If you have more you can share with me, please leave comments below! Let’s gather all the good things museums are doing in response to the shut-down and pandemic.
5.1.20. I continue to see so many examples of positive museology popping up. Shortly after I posted this blog, I learned of the amazing week-long event, Spring into Well-being hosted by the Association of Midwest Museums (AMM). A full week of free activities like meditation, virtual hike, and good news focus are on the menu. This is a shout out to AMM! Thank you!
The fresh spring breeze is a welcome thing each year. With it, comes birds chirping, the smells of growth and soil, and spring winds. This year the spring breeze comes just in time, to help us breathe in fresh new perspectives as well as fresh air. During this seasonal change, the blog challenge to myself has become clearer as time goes on (maybe it’s all those leisurely walks I’m taking). And time, as we all know, is completely whacked out right now. A day feels like a year sometimes. Even so, I have a better idea of what I want to do with my blog journal challenge now that another unfolding pandemic week has passed. For a couple of years now, I've been trying to develop this notion of positive museology; I've written a few blog posts on it already (you can find them here in the archive). I always want to do more of those, but I get stymied, stuck by the structures and processes that bind me as an academic.
Since the shifts brought about by the pandemic, and the strange freedom it brings to experiment (because, if not now, then when???), I am going to use this excuse to throw my academic chains to the spring wind. In this spirit, there are two things I want to do. First, simply write about a concept I come across in the positive and contemplative spheres, with each post being a study of sorts. My stopping point in the past came with connecting the concept to museology, but here I'm going to allow myself the chance to just write about the concept that I perceive will eventually fit with a positive museology, without worrying about what should be. I'm giving myself permission to not make the connection...yet. I feel that doing this now—in a holding pattern—will help me to connect it later. Writing is thinking, after all. Second, I want to go back to all those drafts of blog posts I've written over the years and never published. They are all potentially perfectly ready for blogging, but something always stopped me, perhaps a fear of "putting it out there" or a nervousness about being misunderstood. Part of my current self-challenge is to get over that fear, and to trust. Trusting in the unknown is terrifying, and I know what can happen with social media, twisting and interpreting in other directions. But I also have things to say and maybe they will connect to someone out there, maybe it will help even one person to think, "I am not alone." Connecting, through ideas, to even one new person is worth it to me. Three and a half weeks into this sequestering, the strongest sentiment I see emerging from the world now is, "we are in this together." I am taking that to heart.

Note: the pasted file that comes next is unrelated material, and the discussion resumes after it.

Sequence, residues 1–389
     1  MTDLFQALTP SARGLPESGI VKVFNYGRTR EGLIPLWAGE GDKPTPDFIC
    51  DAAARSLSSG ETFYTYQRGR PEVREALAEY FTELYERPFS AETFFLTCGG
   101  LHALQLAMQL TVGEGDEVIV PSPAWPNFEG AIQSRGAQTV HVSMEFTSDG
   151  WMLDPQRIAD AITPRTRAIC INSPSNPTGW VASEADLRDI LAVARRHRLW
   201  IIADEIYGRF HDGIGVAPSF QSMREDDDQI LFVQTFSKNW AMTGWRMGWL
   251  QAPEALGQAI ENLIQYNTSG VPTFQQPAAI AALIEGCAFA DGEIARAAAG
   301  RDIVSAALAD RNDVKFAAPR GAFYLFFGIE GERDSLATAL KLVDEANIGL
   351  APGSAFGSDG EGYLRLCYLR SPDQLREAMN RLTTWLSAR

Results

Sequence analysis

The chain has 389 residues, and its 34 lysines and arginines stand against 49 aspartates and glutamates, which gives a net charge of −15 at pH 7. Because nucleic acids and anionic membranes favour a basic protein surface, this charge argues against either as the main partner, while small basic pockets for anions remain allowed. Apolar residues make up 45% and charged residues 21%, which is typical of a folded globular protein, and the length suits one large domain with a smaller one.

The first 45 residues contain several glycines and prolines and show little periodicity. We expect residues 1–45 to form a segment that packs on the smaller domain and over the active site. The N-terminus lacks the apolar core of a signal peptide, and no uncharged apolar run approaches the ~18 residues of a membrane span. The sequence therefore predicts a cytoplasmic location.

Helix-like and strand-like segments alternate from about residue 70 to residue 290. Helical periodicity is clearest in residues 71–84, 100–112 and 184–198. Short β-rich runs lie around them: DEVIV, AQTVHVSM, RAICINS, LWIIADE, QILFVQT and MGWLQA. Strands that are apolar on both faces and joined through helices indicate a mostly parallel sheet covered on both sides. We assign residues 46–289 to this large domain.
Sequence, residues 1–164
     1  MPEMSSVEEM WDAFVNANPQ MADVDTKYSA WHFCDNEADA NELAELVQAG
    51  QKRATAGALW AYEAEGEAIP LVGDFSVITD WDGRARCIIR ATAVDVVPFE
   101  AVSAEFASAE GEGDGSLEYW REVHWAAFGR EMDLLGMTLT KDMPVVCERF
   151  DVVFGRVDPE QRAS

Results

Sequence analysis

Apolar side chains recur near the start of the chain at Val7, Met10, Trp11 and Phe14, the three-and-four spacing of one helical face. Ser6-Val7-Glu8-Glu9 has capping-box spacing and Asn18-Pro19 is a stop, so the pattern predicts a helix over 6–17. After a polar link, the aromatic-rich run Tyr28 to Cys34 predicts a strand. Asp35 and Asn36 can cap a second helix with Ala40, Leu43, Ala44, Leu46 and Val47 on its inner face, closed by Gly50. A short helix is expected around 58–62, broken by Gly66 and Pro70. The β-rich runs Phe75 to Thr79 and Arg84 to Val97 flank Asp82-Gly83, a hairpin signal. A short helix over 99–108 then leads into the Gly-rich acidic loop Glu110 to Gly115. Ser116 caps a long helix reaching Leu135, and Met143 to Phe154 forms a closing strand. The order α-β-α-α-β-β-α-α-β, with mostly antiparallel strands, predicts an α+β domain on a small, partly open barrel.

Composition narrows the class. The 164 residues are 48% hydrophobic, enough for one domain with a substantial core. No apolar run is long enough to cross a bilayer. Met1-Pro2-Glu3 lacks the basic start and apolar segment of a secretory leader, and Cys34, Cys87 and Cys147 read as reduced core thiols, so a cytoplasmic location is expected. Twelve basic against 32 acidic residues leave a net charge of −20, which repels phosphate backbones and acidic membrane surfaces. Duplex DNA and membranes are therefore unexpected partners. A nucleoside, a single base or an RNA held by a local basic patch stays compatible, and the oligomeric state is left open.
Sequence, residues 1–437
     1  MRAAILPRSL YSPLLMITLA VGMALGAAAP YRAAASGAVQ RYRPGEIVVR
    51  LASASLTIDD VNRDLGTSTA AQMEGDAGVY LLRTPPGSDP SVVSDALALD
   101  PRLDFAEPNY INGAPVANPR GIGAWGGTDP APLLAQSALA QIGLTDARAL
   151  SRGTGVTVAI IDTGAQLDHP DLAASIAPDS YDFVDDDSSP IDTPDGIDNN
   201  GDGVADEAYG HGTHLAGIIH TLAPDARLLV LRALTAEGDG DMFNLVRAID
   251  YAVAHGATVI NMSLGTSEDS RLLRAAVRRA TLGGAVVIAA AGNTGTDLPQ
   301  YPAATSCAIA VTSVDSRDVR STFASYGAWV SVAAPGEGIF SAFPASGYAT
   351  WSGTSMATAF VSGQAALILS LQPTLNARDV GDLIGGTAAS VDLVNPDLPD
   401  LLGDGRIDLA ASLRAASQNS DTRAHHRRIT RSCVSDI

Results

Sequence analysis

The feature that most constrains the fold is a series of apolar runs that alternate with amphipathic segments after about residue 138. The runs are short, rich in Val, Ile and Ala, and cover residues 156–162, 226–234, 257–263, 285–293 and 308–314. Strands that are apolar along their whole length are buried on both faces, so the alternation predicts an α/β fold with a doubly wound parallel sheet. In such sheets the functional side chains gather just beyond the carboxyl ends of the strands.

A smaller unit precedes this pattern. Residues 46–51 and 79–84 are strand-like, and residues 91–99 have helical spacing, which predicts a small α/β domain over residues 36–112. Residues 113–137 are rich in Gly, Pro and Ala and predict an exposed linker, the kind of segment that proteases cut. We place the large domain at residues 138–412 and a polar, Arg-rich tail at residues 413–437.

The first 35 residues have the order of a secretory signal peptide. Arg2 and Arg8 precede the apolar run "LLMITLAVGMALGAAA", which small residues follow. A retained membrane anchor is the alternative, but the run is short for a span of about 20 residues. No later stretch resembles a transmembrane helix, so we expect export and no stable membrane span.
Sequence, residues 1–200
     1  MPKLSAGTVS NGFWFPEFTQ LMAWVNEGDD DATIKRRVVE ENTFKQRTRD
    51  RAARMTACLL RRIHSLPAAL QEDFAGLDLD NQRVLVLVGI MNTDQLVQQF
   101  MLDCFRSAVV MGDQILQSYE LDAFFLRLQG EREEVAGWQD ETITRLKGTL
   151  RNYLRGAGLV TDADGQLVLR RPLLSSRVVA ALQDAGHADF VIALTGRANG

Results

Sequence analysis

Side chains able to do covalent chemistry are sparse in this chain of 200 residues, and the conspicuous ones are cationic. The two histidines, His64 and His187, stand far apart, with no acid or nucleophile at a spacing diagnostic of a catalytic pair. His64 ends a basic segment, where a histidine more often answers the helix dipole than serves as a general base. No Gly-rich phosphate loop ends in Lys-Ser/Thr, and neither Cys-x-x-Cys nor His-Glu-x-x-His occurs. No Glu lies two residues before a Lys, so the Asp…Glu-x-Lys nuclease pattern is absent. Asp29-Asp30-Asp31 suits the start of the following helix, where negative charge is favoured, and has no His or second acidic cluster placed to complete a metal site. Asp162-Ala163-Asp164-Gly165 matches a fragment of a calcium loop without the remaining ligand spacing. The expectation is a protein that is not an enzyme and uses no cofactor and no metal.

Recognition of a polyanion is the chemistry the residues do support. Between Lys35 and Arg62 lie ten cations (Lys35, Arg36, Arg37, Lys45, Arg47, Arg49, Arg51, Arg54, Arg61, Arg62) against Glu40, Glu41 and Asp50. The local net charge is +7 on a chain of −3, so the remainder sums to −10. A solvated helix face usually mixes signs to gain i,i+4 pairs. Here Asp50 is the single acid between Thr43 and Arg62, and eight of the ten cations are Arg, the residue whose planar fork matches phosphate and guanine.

Bonus: if you do not already know about this offering—MeditOcean—by the Monterrey Bay Aquarium, check it out. So good!